Public accountability is a farce
No one is in prison for the Life Esidimeni crisis that saw the demise of 144 people, the listeriosis outbreak, or the deaths of children who drowned in latrines. This is the state of accountability in South Africa. Our politicians have not grasped the concept of accountability. Very few of our leaders can go through the eye of the needle of true accountability.
In the Life Esidimeni saga – MEC Qedani Mahlangu and her officials had to resign and lose their jobs – the Gauteng premier has only paid lip service to the issue of accountability. In other words, he has said repeatedly that he takes full responsibility, but unlike Mahlangu, he has not felt any pain in any way. I have a lot of time for Makhura and I think he is doing excellent work in Gauteng – but I am puzzled about his understanding of "taking full responsibility".
I would like to know what the implications of this "taking full responsibility" truly are. The former deputy chief justice has asked the police to do their work. Will this "work" include investigating how the political chain of command failed the 144 families? Must our politicians wait for this before they can truly take responsibility? Should the Minister of Health wash his hands off the tragedy as a localised crisis, or must he also have a case to answer - both for the listeriosis crisis and the shame that is Esidimeni?
The taxpayer so far seems to be the only one feeling the pain. Some R200-million will have to be paid to the grieving families – rightly so, because of the utter neglect that happened in the face of political and administrative failure. How can this be okay? How can this be what accountability should mean?
The lack of accountability gives way to a repeat performance. Look at Bathabile Dlamini's time at Sassa – this was a result of politicians believing that they can use the court system as a toy because they don't need to foot the bill. It looks like the courts are about to teach Ms Skeletonyana big lessons and force her to go through the eye of the needle of accountability.
Without such a lesson, our politicians will learn nothing – they will be less and less circumspect in taking decisions that have implications for citizens. Look at the pit-toilet drowning – the crude crisis repeated itself when yet another child drowned in a pit toilet. This happens when Section 27 is still in court trying to get the government to take responsibility for the Limpopo latrine death.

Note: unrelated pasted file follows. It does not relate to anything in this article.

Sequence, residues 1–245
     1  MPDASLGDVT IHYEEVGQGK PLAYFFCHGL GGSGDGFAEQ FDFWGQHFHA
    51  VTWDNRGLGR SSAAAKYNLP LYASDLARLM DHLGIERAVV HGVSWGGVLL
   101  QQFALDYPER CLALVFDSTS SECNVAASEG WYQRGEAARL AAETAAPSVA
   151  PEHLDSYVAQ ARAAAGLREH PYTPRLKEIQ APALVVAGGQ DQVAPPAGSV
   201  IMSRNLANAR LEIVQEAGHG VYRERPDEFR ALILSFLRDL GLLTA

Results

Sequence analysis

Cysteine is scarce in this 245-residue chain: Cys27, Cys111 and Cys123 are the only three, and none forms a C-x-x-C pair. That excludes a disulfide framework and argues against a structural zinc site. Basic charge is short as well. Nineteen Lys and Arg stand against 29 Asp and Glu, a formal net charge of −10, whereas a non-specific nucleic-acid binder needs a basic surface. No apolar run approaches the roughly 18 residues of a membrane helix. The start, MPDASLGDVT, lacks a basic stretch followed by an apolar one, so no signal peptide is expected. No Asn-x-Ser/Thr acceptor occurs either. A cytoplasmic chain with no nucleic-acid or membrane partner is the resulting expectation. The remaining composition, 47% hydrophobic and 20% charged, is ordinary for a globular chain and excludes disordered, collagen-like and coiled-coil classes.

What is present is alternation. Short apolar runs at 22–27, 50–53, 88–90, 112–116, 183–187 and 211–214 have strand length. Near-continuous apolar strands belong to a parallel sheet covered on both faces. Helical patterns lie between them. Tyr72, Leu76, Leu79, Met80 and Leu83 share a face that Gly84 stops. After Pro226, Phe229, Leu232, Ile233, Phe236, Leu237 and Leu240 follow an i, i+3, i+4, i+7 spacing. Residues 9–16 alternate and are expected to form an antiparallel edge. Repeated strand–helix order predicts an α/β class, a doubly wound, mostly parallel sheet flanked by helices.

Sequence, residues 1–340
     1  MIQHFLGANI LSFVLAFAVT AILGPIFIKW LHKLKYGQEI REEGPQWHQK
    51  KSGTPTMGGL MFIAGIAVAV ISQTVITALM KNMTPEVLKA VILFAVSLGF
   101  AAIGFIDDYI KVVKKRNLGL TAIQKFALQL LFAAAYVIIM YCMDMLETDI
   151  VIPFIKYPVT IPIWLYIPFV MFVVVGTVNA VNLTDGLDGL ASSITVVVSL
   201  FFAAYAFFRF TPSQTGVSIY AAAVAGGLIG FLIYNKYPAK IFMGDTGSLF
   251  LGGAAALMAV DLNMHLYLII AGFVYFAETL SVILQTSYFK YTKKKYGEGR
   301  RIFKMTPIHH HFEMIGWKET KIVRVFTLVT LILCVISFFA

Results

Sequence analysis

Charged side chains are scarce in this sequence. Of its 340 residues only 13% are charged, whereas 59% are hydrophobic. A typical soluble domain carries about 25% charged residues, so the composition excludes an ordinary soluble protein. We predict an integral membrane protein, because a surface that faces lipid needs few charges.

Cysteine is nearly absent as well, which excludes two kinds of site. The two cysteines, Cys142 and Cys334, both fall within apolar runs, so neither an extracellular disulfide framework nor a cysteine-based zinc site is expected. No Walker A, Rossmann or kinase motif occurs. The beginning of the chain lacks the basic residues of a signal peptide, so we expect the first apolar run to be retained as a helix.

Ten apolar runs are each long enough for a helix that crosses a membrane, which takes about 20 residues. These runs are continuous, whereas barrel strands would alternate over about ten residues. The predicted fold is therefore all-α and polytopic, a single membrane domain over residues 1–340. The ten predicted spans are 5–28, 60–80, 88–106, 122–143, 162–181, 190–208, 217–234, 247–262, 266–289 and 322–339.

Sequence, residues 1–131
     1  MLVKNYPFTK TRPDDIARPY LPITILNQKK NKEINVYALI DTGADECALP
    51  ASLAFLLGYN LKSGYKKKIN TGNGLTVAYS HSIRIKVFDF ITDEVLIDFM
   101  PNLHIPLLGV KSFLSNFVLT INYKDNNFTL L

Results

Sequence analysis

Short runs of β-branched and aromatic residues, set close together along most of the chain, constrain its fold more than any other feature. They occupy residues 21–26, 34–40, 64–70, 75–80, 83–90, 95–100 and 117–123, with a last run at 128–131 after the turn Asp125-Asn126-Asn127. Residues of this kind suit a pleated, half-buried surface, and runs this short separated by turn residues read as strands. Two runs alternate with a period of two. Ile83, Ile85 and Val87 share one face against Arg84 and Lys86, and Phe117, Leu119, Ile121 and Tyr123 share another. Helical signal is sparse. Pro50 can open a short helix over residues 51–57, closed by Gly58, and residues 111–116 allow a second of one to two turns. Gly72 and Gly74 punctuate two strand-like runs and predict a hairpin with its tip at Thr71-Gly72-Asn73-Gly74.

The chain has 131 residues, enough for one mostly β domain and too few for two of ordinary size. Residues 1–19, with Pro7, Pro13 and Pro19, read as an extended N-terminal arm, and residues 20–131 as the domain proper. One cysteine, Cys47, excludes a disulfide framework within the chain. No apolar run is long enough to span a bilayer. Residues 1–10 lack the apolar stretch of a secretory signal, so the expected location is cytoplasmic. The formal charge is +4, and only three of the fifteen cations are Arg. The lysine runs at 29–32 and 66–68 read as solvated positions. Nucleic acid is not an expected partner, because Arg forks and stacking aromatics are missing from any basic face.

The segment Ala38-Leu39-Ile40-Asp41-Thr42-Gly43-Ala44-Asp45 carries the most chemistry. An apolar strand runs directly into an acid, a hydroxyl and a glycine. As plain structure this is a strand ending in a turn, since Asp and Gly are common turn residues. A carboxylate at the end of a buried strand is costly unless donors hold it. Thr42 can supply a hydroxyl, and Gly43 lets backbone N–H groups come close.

The ANC must take its own integrity committee seriously.
Since that first entity, there have been no major movements to fix that situation. Only upon another death do we see the president making a pronouncement about this being fixed in three months – an unrealistic promise that sounds exactly the same as what Mbeki promised back in 2006 in his state of the nation address, promising that he will eradicate schools under trees in six months.
It is a decade and a half later, and no claim can be made that there are no schools under trees. This example shows that politicians believe that words are enough when it comes to accountability, and that action does not always count for something in this regard.
On average it has taken some six years to fix sanitation problems reported at schools. What will make politicians take this poor turnaround seriously? Clearly, it's the stench of death. Like in this case – I cannot trace any government departments springing into action after the Limpopo latrine death. Now that another death has visited us, the president rushes to announce a three-month deadline for something that government has failed to do over two decades. This is a terrible shame.
We need to stop the habit of recycling corrupt politicians from one post to another before they are considered to have repented.
What needs to be done:
· The ANC must take its own integrity committee seriously. Clearly, by now it should have summoned the entire Gauteng leadership and the ministries of health education and social development to account for the tragedies that have happened under their watch. The outcome of this engagement will then be a concrete punishment for these leaders, so that they understand that the implications for the ANC are dire. Without this, there is no hope for anyone taking responsibility.
· There must be a deliberate focus on how the court system is used to appeal decisions of the courts, especially on frivolous decisions that do not benefit society – such as the waste of public resources we have seen in cases involving parastatals like the SABC.
· We need to stop the habit of recycling corrupt politicians from one post to another before they are considered to have repented. The public is tired of half-hearted "taking of responsibility" by politicians. It rubs salt in the wounds of the public whose resources are plundered.
· A new habit of falling on the sword is crucial for refining our attitude towards a new moral framework that must define the so-called new dawn. If this habit existed, some of the current ministers hanging on to their jobs would have done the honourable thing and not wait to be fired. No need to call them out, as this is now exhausting – they know themselves, and should be ashamed of themselves for continuing to put the ANC in electoral harm's way.
These basic considerations may go a long way in restoring public confidence to the very notion of accountability.
For now, the notion of politicians taking responsibility is a laughable proposition, if all the examples cited above are anything to go by.